“The demise of Lehman Brothers has led the governments in Western countries to bail out their banks. Such measures clearly reveal the advantages of nationalising the banking sector, or at least parts of it”. Critically examine this notion.
Critically examine the statement.
Word Count / Required:
1975 / 2000
This essay question needs to be “critically examined”.
With questions like this, it is always best to read through exactly what the essay term requires. The writers at InkMyPapers usually go through a few sources, such as the one at University of Leicester. You can also check out our blog post on what makes an argumentative essay great.
Fortunately, this question touches on the recent Lehman Brothers’ demise. This is very easy to research. While an essay of around 2,000 words usually yields about 7-12 sources, I easily found 24 sources for this argumentative essay example.
Numerous governments in Western countries have been spending billions of taxpayers’ money to bail their banks out in the 2008 financial crisis. In trying to examine if partly or fully nationalising the banking sector is clearly advantageous, the essay will discuss on historical cases of nationalisation of the banking sector, including bailout plans and stimulus packages. The reasons behind Lehman Brothers demise will also be looked at, before the advantages and disadvantages of nationalisation of the banking sector will be scrutinised.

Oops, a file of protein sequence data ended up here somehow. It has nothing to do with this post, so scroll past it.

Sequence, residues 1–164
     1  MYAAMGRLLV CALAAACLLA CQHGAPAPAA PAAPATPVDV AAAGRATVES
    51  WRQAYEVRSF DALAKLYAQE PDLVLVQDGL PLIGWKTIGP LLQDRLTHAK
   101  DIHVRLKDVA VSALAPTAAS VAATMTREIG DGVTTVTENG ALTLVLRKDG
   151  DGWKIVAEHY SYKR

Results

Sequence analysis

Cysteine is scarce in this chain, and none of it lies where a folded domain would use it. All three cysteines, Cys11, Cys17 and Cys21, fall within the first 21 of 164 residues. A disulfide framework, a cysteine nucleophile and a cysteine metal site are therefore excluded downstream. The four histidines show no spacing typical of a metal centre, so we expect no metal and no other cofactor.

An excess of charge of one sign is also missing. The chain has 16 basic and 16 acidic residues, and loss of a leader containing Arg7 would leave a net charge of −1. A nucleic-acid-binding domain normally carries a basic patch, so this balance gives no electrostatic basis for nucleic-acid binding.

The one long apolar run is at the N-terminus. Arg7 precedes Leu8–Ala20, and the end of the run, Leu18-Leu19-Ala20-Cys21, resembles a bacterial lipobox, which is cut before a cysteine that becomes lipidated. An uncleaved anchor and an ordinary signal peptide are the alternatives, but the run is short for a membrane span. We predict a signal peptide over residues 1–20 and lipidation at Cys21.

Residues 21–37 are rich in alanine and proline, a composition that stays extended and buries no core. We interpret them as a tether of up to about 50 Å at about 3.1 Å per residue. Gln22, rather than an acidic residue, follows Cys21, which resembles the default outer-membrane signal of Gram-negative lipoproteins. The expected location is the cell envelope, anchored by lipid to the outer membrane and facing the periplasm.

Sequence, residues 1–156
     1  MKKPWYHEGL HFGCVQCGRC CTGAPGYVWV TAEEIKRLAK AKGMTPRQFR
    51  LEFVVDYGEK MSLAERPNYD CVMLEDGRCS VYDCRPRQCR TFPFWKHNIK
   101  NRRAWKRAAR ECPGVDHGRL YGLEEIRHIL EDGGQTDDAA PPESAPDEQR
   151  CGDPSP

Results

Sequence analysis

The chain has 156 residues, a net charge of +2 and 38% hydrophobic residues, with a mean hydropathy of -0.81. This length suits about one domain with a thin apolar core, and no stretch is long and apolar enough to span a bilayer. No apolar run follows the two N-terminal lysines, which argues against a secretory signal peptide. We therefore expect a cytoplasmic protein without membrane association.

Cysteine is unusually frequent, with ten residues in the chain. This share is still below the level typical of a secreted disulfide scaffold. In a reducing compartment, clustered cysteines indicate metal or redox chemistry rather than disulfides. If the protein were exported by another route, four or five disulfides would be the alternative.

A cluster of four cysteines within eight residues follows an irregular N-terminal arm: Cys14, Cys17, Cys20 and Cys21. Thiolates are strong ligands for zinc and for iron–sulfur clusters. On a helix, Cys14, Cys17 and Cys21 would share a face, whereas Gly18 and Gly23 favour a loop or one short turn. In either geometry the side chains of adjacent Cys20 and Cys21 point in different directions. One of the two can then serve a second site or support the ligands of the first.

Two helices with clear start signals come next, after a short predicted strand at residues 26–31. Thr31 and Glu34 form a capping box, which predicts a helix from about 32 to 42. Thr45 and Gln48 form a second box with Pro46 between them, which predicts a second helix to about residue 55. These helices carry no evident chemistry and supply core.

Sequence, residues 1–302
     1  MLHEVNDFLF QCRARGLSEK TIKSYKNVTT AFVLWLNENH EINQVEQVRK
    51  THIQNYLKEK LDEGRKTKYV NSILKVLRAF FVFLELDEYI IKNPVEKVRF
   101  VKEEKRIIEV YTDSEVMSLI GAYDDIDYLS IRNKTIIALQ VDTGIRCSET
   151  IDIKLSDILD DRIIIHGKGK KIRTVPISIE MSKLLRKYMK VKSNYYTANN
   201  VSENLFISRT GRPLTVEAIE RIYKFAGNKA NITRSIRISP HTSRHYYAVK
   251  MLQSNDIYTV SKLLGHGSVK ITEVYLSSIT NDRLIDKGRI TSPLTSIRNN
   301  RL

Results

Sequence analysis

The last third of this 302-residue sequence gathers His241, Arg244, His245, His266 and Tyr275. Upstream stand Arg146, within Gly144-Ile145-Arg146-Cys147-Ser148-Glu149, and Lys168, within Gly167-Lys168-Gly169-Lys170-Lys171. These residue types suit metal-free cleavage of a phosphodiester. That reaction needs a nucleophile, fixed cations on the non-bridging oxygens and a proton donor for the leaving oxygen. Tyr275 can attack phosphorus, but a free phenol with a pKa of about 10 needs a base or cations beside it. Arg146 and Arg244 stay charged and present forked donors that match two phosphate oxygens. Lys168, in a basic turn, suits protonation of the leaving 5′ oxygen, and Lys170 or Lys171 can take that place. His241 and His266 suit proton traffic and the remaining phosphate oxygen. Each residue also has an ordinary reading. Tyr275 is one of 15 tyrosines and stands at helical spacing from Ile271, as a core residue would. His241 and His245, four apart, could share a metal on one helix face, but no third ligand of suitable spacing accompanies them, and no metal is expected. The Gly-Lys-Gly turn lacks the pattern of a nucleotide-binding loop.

Many countries around the world have been nationalising their banks for different reasons. While most countries did so at a time of instability, many nationalisations also occurred during the development phrase of a nation to help achieve development goals (La Porta et al., 2002). Douglas (2009) mentioned that nationalisation can be categorised into several different extents. Firstly, it can be full or partial, where the government either hold total ownership or a majority stake. Next, nationalisation can be categorised as temporary, where the government seek to achieve their purpose as soon as possible, or in extreme cases, permanent ownership.
Following the World War II, the French government increased their nationalised sectors to include the biggest banks in France then. More than just to redevelop the nation after the destructive consequences of the World War, the nationalisation of the bank sector also help to prevent the failings of a series of banks that occurred in 1930 (Myers, 1949).
The nationalisation of the Indian banking sector in 1969 is another case where the Indian government controls the top 14 banks of the country which accounted for 85 percent of bank deposits in an attempt to expedite growth of the Indian economy (Austin, 1999). This was mainly due to the inability of the private commercial banks to realise social and developmental goals vital to India at that time.
Although the cases mentioned above are by and large successful, there are instances where nationalised banks fail badly. Crédit Lyonnais, the biggest bank in the world in 1900, almost self-destructs due to poor management by the government in the late 80s leading to the 90s. Despite this, historical evidences like the cases stated above still prove that more often than not, a nationalised bank is successful in achieving the objectives that the nationalised banks are set to accomplish.
While nationalisation worked for developing countries or countries at a time of instability, the USA and several developed countries thrived on having a privatised banking sector. A privatised banking sector not only brings about efficiency and profitability, it also helps to increase the rate of economic growth in a competitive industry (Nellis et al., 2002). However, in 2008, pursue for profitability and growth ultimately leads to the downfall of Lehman Brothers and some of the biggest banks in the USA and other developed countries.